Bingeing on high-calorie foods may be as addictive as cocaine or nicotine, and could cause compulsive eating and obesity, according to a study published on Sunday.
The findings in a study of animals cannot be directly applied to human obesity, but may help in understanding the condition and in developing therapies to treat it, researchers wrote in the journal "Nature Neuroscience."
The study, involving rats, found that overconsumption of high-calorie food can trigger addiction-like responses in the brain and that high-calorie food can turn rats into compulsive eaters in a laboratory setting, the article said.
The scientists also found decreased levels of a specific dopamine receptor — a brain chemical that allows a feeling of reward — in overweight rats, as has been reported in humans addicted to drugs, the article said.
"Obesity may be a form of compulsive eating. Other treatments in development for other forms of compulsion, for example drug addiction, may be very useful for the treatment of obesity," researcher Paul Kenny of The Scripps Research Institute in Florida said in a telephone interview.
Obesity-related diseases cost the United States an estimated $150 billion each year, according to U.S. federal agencies. An estimated two-thirds of American adults and one-third of children are obese or overweight.
For the study, Kenny and colleagues headed to the grocery store.
"We basically bought all of the stuff that people really like — Ding-Dongs, cheesecake, bacon, sausage, the stuff that you enjoy, but you really shouldn't eat too often," he said.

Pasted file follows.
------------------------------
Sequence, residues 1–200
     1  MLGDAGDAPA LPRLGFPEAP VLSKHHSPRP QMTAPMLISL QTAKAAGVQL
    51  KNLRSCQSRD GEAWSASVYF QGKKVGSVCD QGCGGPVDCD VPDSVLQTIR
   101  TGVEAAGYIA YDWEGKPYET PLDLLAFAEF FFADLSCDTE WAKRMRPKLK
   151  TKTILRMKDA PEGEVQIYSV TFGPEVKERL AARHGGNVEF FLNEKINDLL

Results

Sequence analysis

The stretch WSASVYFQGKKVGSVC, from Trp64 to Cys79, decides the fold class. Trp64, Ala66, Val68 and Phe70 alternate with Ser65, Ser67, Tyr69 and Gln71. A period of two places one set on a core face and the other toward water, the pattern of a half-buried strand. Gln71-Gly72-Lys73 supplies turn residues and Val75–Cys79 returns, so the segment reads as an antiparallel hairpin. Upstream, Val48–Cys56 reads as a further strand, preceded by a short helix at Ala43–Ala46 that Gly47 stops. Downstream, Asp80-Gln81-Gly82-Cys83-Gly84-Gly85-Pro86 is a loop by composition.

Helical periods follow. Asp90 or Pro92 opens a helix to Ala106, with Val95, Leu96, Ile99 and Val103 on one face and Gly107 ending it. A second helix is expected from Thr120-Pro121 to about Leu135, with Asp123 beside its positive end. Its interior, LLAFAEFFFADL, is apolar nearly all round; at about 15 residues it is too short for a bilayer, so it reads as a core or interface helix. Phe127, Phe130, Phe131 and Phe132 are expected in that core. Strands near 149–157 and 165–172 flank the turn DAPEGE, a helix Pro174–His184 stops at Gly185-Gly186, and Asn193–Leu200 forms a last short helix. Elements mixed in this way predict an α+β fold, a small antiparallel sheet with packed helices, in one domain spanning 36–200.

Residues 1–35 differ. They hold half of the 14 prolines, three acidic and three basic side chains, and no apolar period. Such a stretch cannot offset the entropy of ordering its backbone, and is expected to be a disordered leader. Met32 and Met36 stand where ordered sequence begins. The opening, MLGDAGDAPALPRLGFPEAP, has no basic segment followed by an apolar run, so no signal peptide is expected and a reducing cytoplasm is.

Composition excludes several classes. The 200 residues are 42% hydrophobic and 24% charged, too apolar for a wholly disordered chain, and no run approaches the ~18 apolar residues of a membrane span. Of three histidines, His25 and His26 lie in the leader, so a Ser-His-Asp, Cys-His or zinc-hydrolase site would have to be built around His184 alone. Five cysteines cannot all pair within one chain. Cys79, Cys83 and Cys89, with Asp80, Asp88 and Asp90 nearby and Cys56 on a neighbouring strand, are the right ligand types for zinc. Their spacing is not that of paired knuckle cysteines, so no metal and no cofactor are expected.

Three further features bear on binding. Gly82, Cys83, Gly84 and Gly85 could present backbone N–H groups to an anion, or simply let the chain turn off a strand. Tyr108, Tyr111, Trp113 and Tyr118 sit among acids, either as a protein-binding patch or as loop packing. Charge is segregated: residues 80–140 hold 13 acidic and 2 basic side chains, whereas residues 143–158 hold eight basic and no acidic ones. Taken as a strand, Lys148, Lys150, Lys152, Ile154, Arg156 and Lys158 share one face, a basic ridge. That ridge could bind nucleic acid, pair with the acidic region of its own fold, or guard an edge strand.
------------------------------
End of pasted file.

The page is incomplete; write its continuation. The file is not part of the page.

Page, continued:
They also bought healthy foods and devised a diet plan for three groups of rats.
One group ate a balanced healthy diet. Another group received healthy food, but had access to high-calorie food for one hour a day. Rats in the third group were fed healthy meals and given unlimited access to high-calorie foods.
The rats in the third group developed a preference for the high-calorie food, munched on it all day and quickly became obese, Kenny said.
The rats in the experiment had also been trained to expect a minor shock when exposed to a light. But when the rats that had unlimited access to high-calorie food were shown the light, they did not respond to the potential danger, Kenny said. Instead, they continued to eat their snacks.
"What we're seeing in our animals is very similar to what you'd see in humans who overindulge," he said. "It seemed that it was okay, from what we could tell, to enjoy snack foods, but if you repeatedly overindulge, that's where the problem comes in."